NMHC/NAA Viewpoint Rather than improving the availability of affordable housing, rent control laws exacerbate shortages, cause existing buildings to deteriorate and disproportionately benefit higher-income households. NMHC/NAA urge lawmakers to reject price controls and pursue alternatives such as voucher-based rental assistance to better address critical affordable housing shortages.
It is difficult to find any issue where economists on both sides of the political spectrum agree, except for rent control. Forbes lists the antiquated idea as one of the 10 worst economic ideas of the 20th century, saying: “Here we have a policy initiative that has done huge damage to cities around the globe. It is very hard today to find an economist supporting rent control.” It’s little surprise that finding supporters for rent control is difficult. A survey by the American Economic Association found that 93 percent of U.S. economists agreed that rent control reduces the quality and quantity of available housing.
Rent control or rent stabilization laws set a ceiling on rents and severely limit or prohibit property owners from raising rents, particularly if vacancy controls are part of the law as well. Most of the nation’s existing rent control laws were first instituted in the post-war era, when America struggled to find enough housing for returning soldiers. Today, rent control is seen as a method to improve affordability in the face of stagnant household incomes. While the goal of rent control is positive, numerous studies demonstrate that rent control creates unintended consequences that harm property owners/managers, their residents and the greater community. Among the findings of these studies:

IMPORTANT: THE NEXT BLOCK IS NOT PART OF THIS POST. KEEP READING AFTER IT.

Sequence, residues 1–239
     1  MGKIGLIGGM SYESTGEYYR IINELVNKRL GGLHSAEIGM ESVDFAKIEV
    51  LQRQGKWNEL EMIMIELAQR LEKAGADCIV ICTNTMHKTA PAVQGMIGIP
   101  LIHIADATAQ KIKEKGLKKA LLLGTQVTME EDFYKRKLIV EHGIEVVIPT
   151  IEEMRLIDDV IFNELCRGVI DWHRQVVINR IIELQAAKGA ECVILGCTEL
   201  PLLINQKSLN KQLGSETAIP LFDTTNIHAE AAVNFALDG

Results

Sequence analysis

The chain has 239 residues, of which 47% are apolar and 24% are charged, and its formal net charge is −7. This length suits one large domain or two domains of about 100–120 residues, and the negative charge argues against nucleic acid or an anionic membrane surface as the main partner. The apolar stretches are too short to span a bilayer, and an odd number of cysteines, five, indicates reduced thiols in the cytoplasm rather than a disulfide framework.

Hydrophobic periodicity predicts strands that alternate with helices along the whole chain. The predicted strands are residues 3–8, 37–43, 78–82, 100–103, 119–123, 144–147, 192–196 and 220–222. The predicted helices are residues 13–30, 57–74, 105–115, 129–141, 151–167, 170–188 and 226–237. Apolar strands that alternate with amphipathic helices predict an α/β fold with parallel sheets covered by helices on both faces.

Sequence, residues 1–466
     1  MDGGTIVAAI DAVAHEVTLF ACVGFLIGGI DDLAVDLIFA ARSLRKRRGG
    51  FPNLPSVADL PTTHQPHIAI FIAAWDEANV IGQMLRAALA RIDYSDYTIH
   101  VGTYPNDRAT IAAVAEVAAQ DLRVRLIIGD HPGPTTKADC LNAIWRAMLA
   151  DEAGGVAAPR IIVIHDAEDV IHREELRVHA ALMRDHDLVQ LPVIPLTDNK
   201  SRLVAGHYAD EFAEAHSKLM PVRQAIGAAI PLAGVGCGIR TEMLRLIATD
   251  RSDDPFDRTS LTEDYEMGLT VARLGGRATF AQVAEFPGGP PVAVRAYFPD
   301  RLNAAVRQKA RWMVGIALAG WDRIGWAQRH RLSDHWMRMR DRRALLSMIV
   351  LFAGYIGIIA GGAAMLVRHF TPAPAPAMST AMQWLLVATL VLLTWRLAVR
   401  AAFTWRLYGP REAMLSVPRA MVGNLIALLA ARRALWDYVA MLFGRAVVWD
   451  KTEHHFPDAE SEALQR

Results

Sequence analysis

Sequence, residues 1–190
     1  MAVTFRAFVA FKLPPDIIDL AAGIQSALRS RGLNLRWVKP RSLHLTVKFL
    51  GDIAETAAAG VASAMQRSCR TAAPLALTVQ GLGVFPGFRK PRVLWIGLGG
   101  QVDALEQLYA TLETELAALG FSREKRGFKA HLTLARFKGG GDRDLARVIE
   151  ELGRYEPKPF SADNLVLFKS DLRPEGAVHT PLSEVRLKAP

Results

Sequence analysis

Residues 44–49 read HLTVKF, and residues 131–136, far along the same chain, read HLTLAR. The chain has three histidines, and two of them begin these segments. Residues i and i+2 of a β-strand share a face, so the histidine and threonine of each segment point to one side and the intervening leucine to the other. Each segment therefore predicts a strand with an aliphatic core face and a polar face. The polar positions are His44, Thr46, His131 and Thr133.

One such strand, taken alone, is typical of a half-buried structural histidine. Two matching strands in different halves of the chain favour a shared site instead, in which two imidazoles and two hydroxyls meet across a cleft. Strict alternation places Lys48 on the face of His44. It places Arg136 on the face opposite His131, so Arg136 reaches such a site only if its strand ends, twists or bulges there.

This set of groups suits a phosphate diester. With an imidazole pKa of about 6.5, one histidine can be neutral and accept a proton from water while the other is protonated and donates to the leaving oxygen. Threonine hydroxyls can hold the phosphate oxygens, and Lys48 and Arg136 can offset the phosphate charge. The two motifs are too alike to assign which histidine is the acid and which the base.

- Rent control laws lead to a reduction in the available supply of rental housing in a community;
- Rent control policies generally lead to higher rents in the uncontrolled market;
- Rent control and rent stabilization policies do a poor job at targeting benefits, leading to a lottery-like system as to who is able to move into rent-controlled units;
- Rent control can cause renters to continue to live in units that are too small, too large or not in the right locations to best meet their housing needs, when they otherwise likely would have moved to a unit more suitable for their situation;
- There are significant fiscal costs to jurisdictions associated with implementing and maintaining a rent control program;
- Rent-controlled buildings can potentially suffer from deterioration or lack of investment since owners may not collect enough rents to keep up with repairs; and,
- Rent control policies can hold rents of controlled units at lower levels but not under all circumstances.
Rent control can also disincentivize new development or property sales in these jurisdictions in favor of areas without rent control.
NMHC/NAA encourage lawmakers to promote proven alternatives to rent control that address the critical affordable housing shortage, making rents more affordable to lower-income residents and encouraging development of new housing at a variety of rental levels. Voucher-based rental assistance programs, for example, are a more effective way to promote affordable housing in a manner that benefits both the renter and the housing provider.
Recognizing its counterproductive nature, 26 states prohibit local municipalities from implementing rent control laws.